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By Mark Jackson
Mark is a professional technology writer, IT consultant and computer engineer from Dorset (England), he also founded ISPreview in 1999 and enjoys analysing the latest telecoms and broadband developments. Find me on Twitter, , Facebook and Linkedin.
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11 Responses
  1. wirelesspacman says:

    I appreciate that this “only” reflects a cumulative 50% per annum increase, but I do find it hard to see what we will all be doing with our mobile devices that would soak up 100 GB of data each month. Based on 2 Mbps streaming, that would equate to around 100 hours a month, or over 3 hours a day, day, and over a 5G network (ie excluding times when the device can/does connect via wifi). That just seems like an awful lot to me. No doubt tomorrow’s teenagers will prove me wrong! 🙂

    1. apolloa says:

      Most of us just like we do now with 4G will be searching for a 5G signal to use…
      Would be nice if they could actually bother to boost their signals first of what we already have, before making it all pointlessly faster. We will still have and use telephone lines for broadband.

    2. 2MBps is old school. Think 5-8Mbps x265 for 4K UHD tablets. Obviously it would be a better idea to do that over Wi-Fi, but for some that may not be realistic.

  2. 3G Infinity (now 4G going on 5G) says:

    A recent study across EU showed that average monthly data (end 2016) was below 2GB, with peaks of 5GB. There are individuals who I know can and have consumed more than 265GB per month watching video and who do not have/use a fixed network connection.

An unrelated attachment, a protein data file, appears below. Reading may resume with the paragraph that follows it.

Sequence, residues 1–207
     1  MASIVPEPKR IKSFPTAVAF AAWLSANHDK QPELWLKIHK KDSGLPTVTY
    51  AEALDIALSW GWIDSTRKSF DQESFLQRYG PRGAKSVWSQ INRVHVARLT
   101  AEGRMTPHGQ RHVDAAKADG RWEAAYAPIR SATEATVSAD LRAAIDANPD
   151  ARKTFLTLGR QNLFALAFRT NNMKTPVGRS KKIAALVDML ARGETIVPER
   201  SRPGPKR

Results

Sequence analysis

I concur it will be 2020+ before the average monthly exceeds 5GB, all within 4G LTE Advanced capability and with the current spectrum allocations.

  3. Simon says:

    you will stil only get 1mbps peak time on GG they are rubbish

    1. Tim says:

      They are rubbish because O2 have the smallest amount of frequency allocation compared to number of users. I think O2 are still only using 10Mhz bandwidth and no carrier aggregation so they have a max per cell capacity of 60~70Mbps. Whereas EE with 20+20Mhz carrier aggregation have a max per cell capacity of ~300Mbps.

  4. Tim says:

    Coverage for 4G still sucks.

    Can’t they just work on rolling out triple carrier Gbit LTE.

    If 5G will be on 23Ghz it’ll need LoS (or very short range) so this is more like a Wi-Fi hotspot replacement than a Mobile Cell covering 10Km. So 5G will never reach rural areas anyway.

  5. AndyC says:

    Wonder how much they will charge for that amount of data?

  6. William perrin says:

    Agree this is a lot of nonsensical extrapolation for a headline. However i have used 4G as the primary connection for my house for a while. Including daily video streaming (at a princely 40Mb/s) for two adults and two small children, some light business use and drop box and iPhotos being up and downloaded it is very hard to stay within 100Gb/month.

  7. Jake says:

    Giff Gaff still think their 500Mb monthly ‘Gigabag’ is a really generous allowance in 2018 for cellular enabled tablets etc

    We really need a system were we have a fixed monthly allowance BUT, users also get unmetered ‘off peak’ bandwidth for video binges etc.

    Otherwise what’s the point in having one of these devices at all?

    1. The trouble is that the time people want to binge is almost always peak, i.e. evening when they are not at work or school. If you can get people to watch stuff at 5AM then sure, but it’s unlikely to catch on.